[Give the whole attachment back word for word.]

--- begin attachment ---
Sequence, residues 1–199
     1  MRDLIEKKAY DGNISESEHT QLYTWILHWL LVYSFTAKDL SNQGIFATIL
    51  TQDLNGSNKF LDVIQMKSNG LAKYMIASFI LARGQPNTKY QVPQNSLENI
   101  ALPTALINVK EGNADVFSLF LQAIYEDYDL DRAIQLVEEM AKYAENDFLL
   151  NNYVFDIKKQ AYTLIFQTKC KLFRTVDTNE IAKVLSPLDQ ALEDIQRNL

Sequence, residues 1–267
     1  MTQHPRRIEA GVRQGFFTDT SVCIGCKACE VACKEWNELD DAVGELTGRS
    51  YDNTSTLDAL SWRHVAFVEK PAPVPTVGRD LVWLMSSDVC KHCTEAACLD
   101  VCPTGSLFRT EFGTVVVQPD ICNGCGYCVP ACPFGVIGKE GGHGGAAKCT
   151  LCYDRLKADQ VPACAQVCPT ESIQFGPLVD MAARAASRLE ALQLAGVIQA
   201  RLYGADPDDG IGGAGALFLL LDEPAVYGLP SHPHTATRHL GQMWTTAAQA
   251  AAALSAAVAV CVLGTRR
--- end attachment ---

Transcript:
Sequence, residues 1–199
     1  MRDLIEKKAY DGNISESEHT QLYTWILHWL LVYSFTAKDL SNQGIFATIL
    51  TQDLNGSNKF LDVIQMKSNG LAKYMIASFI LARGQPNTKY QVPQNSLENI
   101  ALPTALINVK EGNADVFSLF LQAIYEDYDL DRAIQLVEEM AKYAENDFLL
   151  NNYVFDIKKQ AYTLIFQTKC KLFRTVDTNE IAKVLSPLDQ ALEDIQRNL

Sequence, residues 1–267
     1  MTQHPRRIEA GVRQGFFTDT SVCIGCKACE VACKEWNELD DAVGELTGRS
    51  YDNTSTLDAL SWRHVAFVEK PAPVPTVGRD LVWLMSSDVC KHCTEAACLD
   101  VCPTGSLFRT EFGTVVVQPD ICNGCGYCVP ACPFGVIGKE GGHGGAAKCT
   151  LCYDRLKADQ VPACAQVCPT ESIQFGPLVD MAARAASRLE ALQLAGVIQA
   201  RLYGADPDDG IGGAGALFLL LDEPAVYGLP SHPHTATRHL GQMWTTAAQA
   251  AAALSAAVAV CVLGTRR